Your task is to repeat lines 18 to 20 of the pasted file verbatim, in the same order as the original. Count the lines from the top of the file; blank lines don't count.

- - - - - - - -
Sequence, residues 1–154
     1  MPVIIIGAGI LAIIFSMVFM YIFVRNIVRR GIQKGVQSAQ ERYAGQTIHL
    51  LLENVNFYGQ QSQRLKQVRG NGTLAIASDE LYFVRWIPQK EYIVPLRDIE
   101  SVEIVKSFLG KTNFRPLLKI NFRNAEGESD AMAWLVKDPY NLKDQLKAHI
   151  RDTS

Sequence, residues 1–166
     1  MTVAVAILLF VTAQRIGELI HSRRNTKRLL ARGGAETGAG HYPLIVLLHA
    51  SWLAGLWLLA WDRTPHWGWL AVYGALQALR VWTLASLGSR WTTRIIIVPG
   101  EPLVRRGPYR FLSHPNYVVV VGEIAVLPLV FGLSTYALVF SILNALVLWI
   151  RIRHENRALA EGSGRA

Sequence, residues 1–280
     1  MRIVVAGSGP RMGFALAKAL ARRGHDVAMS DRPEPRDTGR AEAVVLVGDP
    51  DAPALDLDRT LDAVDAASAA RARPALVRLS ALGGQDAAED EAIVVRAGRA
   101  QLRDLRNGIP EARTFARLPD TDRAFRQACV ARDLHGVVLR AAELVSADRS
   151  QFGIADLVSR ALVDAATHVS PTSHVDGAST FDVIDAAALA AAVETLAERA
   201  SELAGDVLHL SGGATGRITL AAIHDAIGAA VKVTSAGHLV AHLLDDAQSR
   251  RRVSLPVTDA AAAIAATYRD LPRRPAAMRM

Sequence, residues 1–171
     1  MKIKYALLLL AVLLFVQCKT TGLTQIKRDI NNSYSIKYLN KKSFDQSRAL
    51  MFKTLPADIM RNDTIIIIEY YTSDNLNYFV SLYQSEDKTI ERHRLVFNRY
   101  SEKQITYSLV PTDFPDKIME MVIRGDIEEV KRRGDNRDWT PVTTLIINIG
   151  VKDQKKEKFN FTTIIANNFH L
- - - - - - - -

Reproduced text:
Sequence, residues 1–171
     1  MKIKYALLLL AVLLFVQCKT TGLTQIKRDI NNSYSIKYLN KKSFDQSRAL
    51  MFKTLPADIM RNDTIIIIEY YTSDNLNYFV SLYQSEDKTI ERHRLVFNRY